Solar climate intervention strategies include stratospheric aerosol injection (SAI) and cloud brightening to reflect sunlight back to space. SAI would introduce tiny particles, or aerosols, high in the atmosphere to reduce the effects of global warming by reflecting sunlight back to space, similar to how volcanic eruptions can cool the planet.
Some key atmospheric processes that would govern the climate response to these strategies are not represented well in models. For instance, aerosols collectively produce a cooling effect on climate, but the magnitude of that cooling remains uncertain.
“One argument for doing this kind of research is that it focuses activities on some of the largest unknowns in climate science that we need to understand better anyway,” Hurrell said.
Field studies are the more controversial form of solar climate intervention research. Observations in the field are used to improve model simulations. CSU is not currently planning any climate intervention field studies, and Hurrell emphasized that the bar to conduct field studies should be extremely high.
“Outdoor experiments that involve releasing substances into the atmosphere should only be done on a very small scale without any environmental consequences, and they should only be considered when they can provide critical observations that are not possible to obtain through other means,” Hurrell said.
A DARPA-funded study led by atmospheric science Professors Patrick Keys and Elizabeth Barnes found that stratospheric aerosol injection might work, but temperatures could continue to rise in some regions due to Earth’s natural variability, giving the potential appearance of failure.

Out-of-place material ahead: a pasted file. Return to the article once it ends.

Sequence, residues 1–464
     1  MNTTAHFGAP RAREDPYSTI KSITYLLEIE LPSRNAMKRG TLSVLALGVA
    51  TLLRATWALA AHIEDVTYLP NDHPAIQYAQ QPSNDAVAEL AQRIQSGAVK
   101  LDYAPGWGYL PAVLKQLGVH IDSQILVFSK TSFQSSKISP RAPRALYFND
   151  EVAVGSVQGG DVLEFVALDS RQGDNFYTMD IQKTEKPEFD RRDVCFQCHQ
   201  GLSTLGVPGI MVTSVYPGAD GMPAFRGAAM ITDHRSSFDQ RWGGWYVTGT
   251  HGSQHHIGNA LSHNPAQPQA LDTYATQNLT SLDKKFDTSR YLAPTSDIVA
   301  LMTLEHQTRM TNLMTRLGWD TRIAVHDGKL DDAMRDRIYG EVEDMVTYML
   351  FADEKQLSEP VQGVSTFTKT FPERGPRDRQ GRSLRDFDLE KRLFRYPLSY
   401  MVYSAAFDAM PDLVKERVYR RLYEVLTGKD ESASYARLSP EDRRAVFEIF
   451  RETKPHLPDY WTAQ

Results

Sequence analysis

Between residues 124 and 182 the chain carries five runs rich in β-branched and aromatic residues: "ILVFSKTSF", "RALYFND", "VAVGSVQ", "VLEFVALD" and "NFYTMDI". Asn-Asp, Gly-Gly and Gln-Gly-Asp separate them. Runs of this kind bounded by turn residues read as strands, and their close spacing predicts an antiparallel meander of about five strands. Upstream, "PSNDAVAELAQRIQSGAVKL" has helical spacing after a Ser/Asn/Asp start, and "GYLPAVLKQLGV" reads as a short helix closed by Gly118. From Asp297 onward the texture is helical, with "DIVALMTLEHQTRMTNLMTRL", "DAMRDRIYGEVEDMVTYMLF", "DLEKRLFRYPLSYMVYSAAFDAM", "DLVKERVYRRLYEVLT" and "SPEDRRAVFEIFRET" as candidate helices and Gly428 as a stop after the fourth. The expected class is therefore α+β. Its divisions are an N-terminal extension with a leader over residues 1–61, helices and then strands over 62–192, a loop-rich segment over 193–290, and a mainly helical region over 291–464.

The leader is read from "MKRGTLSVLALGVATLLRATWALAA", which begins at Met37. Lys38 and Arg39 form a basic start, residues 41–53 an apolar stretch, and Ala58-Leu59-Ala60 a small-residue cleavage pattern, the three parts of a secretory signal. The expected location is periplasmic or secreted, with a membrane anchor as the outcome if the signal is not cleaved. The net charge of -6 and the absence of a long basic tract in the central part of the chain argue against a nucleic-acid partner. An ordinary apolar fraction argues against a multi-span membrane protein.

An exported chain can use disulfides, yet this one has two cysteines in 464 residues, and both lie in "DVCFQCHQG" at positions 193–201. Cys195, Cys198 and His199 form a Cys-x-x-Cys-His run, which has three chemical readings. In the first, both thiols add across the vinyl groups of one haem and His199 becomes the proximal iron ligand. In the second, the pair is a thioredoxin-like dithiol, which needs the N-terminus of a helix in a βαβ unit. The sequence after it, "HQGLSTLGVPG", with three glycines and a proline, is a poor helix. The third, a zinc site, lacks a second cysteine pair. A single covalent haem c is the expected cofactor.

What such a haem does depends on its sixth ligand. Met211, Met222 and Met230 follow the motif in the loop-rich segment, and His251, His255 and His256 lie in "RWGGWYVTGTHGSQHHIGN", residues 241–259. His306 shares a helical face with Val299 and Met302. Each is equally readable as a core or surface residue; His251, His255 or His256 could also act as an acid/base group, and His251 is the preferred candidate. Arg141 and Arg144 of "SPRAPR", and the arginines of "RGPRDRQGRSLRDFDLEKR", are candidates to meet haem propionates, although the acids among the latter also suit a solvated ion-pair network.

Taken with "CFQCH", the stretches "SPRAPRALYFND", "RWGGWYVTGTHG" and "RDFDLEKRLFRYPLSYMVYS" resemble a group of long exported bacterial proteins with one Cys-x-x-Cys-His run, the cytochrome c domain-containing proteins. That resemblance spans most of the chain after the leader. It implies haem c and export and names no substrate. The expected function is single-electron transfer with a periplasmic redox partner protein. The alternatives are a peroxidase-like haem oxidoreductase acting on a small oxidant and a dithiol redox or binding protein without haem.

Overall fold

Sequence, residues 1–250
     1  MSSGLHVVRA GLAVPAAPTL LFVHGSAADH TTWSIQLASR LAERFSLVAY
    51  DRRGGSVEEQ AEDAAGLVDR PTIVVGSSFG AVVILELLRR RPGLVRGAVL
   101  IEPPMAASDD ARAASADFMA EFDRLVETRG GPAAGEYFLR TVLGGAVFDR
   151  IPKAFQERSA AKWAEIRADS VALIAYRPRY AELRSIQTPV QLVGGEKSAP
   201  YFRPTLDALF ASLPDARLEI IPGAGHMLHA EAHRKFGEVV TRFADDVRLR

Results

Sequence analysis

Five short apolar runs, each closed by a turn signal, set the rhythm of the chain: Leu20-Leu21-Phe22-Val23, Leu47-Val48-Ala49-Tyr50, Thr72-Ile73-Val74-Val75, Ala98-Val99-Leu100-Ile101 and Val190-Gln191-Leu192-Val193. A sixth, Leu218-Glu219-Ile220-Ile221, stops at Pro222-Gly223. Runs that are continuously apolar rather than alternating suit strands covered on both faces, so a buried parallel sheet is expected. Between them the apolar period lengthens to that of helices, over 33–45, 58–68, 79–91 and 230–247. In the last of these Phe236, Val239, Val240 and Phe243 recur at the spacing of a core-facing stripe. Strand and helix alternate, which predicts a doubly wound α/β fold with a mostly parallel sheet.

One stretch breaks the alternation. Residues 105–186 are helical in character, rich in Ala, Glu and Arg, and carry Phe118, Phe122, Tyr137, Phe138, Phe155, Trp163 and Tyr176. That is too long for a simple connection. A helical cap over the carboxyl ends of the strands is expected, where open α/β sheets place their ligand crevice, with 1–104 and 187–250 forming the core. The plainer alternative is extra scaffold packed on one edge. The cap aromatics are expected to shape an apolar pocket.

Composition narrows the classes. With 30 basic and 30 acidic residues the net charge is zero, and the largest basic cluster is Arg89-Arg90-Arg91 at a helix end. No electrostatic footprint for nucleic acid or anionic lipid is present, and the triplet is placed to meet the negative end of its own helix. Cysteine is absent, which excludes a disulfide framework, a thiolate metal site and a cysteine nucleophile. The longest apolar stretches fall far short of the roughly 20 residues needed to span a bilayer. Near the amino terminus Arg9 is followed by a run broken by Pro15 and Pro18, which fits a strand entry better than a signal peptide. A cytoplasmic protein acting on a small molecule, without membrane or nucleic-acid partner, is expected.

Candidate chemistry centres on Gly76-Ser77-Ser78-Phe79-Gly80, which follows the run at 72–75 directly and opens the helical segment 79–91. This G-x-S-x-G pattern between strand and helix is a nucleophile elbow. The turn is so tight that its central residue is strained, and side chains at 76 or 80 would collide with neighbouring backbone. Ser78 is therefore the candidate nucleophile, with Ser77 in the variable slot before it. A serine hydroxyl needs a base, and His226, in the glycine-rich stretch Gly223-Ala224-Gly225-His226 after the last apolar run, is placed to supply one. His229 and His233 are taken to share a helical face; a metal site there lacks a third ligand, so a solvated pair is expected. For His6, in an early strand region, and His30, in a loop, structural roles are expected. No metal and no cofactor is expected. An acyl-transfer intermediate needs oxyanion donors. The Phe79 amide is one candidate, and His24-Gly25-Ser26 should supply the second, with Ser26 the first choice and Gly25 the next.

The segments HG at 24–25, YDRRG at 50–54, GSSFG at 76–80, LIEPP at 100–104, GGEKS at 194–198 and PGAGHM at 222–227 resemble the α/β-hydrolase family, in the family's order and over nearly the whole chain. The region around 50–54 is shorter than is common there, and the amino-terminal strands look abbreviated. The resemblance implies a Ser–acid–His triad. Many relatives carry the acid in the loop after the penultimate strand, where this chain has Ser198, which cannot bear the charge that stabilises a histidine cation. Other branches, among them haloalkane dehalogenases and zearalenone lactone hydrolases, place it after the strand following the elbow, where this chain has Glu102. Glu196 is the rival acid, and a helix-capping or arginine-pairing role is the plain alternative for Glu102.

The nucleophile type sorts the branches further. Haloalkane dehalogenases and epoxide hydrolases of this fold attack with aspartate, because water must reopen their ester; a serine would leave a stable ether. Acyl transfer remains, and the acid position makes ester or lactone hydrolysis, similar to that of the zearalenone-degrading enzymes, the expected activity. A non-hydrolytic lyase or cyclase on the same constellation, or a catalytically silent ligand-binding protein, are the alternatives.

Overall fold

Co-authors on the paper, published in Proceedings of the National Academy of Sciences, are Hurrell; Noah Diffenbaugh, a Stanford University professor of Earth system science; and Curtis Bell, a professor of maritime security and governance at the U.S. Naval War College. Their findings shed light on the role public perception could play in shaping climate policy and the impossibility of controlling Earth’s natural variability.
Keys brings a new dimension to CSU’s climate studies. Formerly the lead scientist of CSU’s School of Global Environmental Sustainability, Keys uses a range of interdisciplinary scenario approaches to explore the geopolitical possibilities of climate intervention.
“This topic, up until now, has really been in the domain of science fiction,” Keys said. “We need better information than what you might see in a disaster movie. We need scientifically and geopolitically informed insights that can help to equip actual decision-making.”